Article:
All that said, the Chinese government remains highly protectionist when it comes to international trade and investment, despite its ambitious reform program announced a few years back, which still remains to be implemented -- and despite President X’s phony pro-globalization preaching at the recent Davos meeting.

Reports by the OECD, the American Chamber of Commerce in China and the European Union Chamber of Commerce in China all confirm very clearly the continuing difficulties in trading, investing, protecting intellectual property, and doing business more generally in China. And China’s present tightening of controls on capital outflow is making things even more difficult. While China was a currency manipulator in the past, as artificially kept its exchange rate low, this is no longer the case, in contrast to the claims of Mr Trump.

If Trump were to slap a 45% tariff on China’s exports to the US, it could provoke retaliation and lead to a trade war. This would have disastrous consequences for the Chinese, American and even global economy. But perhaps the best way to understand Trump’s posture vis-a-vis China, including his questions about the One-China Policy, flirtations with Taiwan and strident comments posture regarding China’s actions in the South China Sea, is that it is an opening bid in a possible bilateral FTA between the US and China, and better cooperation on issues like North Korea. Trump Trade Policy could indeed make great headway in opening up the Chinese market. This would not only be beneficial for US business, but also for the Chinese economy, which is in desperate need of reform. Mr Trump may not imagine that he actually could help strengthen China’s economic power through opening up its economy to freer trade.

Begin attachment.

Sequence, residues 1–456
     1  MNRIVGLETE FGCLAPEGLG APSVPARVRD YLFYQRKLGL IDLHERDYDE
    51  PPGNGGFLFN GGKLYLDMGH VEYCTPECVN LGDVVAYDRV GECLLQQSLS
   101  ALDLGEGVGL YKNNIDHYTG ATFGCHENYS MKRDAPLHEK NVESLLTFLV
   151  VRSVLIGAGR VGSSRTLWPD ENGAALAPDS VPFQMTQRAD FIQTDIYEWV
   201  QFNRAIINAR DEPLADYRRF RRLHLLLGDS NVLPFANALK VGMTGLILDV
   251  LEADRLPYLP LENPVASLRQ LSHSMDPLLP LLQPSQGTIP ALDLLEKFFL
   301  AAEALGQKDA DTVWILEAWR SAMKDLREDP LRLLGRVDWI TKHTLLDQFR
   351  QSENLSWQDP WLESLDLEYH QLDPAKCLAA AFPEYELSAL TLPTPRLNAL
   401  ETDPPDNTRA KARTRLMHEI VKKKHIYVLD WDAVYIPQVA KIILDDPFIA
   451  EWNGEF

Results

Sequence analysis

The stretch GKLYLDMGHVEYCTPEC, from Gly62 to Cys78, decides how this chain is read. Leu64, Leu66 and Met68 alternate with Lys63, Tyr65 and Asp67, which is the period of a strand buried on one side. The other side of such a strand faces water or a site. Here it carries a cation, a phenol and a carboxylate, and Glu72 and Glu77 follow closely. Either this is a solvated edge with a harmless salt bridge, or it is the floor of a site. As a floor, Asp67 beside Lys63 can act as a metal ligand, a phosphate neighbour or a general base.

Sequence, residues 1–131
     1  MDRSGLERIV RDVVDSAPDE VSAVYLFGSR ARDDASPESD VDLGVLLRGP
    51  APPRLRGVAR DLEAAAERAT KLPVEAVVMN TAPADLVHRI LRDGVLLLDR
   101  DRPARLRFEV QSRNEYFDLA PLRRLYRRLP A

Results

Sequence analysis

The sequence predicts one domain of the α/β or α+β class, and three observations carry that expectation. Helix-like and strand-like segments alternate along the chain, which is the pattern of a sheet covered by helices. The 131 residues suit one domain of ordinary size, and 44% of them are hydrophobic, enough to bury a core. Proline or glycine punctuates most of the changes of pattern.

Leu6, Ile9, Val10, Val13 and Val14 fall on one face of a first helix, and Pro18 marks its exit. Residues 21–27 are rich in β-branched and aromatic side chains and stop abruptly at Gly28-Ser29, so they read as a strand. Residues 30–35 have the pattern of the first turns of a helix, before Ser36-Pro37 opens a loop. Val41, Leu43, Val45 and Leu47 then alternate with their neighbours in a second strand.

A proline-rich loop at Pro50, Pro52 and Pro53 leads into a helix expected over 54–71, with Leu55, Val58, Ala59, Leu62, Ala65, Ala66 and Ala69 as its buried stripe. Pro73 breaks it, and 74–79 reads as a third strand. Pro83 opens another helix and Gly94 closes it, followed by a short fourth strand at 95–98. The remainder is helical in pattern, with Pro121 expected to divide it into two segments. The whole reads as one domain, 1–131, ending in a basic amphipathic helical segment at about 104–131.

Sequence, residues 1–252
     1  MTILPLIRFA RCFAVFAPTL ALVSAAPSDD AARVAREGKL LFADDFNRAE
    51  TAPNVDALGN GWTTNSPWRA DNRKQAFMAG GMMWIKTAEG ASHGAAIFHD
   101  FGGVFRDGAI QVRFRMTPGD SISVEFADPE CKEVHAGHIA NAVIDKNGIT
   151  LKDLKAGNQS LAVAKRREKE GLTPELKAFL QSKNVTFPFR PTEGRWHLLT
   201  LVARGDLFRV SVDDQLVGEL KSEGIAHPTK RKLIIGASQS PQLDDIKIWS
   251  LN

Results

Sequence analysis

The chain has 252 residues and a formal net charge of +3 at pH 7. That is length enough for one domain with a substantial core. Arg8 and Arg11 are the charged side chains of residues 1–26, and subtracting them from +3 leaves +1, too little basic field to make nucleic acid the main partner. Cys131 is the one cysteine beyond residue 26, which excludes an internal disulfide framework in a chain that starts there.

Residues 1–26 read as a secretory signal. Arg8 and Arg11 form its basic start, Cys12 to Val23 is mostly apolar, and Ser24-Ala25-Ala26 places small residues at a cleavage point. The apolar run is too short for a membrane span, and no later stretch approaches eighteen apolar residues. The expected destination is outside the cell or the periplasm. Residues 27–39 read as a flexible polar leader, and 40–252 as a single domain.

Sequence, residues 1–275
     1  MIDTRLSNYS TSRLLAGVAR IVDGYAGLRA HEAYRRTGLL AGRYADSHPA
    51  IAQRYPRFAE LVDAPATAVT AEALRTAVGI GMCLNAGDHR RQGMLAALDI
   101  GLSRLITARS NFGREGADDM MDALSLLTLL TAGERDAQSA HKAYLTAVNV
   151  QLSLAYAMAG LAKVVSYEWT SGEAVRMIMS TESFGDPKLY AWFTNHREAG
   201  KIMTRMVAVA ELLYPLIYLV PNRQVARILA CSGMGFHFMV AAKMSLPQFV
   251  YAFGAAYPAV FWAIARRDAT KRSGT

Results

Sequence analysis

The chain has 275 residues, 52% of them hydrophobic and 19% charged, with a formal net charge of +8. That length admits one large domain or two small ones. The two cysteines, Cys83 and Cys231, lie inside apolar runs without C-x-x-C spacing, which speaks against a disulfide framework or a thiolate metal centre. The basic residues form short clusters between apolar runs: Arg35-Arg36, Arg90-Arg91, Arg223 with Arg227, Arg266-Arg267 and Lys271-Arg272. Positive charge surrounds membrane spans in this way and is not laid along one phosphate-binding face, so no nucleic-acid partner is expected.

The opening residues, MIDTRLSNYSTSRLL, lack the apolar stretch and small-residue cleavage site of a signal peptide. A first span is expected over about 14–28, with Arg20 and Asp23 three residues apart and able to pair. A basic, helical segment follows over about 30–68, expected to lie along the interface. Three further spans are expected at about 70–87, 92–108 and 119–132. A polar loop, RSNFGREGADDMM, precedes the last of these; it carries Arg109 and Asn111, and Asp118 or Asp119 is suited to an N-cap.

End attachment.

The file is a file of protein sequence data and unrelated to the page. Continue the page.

China will not lead free trade in Asia

With America’s retreat from the TPP, many commentators have argued that China will take over the lead of trade liberalisation in Asia, notably through the Regional Comprehensive Economic Partnership (RCEP), another mega trade deal currently being negotiated. Nothing could be further from the truth!

The RCEP is a negotiation which seeks to create one single FTA between the ten ASEAN member states (Brunei Darussalam, Cambodia, Indonesia, Lao PDR, Malaysia, Myanmar, Philippines, Singapore, Thailand, Viet Nam) and those six countries which already have FTAs with ASEAN – Australia, China, India, Japan, Republic of Korea and New Zealand -- the “Plus-6 countries”. The RCEP were launched in in November 2012, with the goal of completing the deal by end 2015.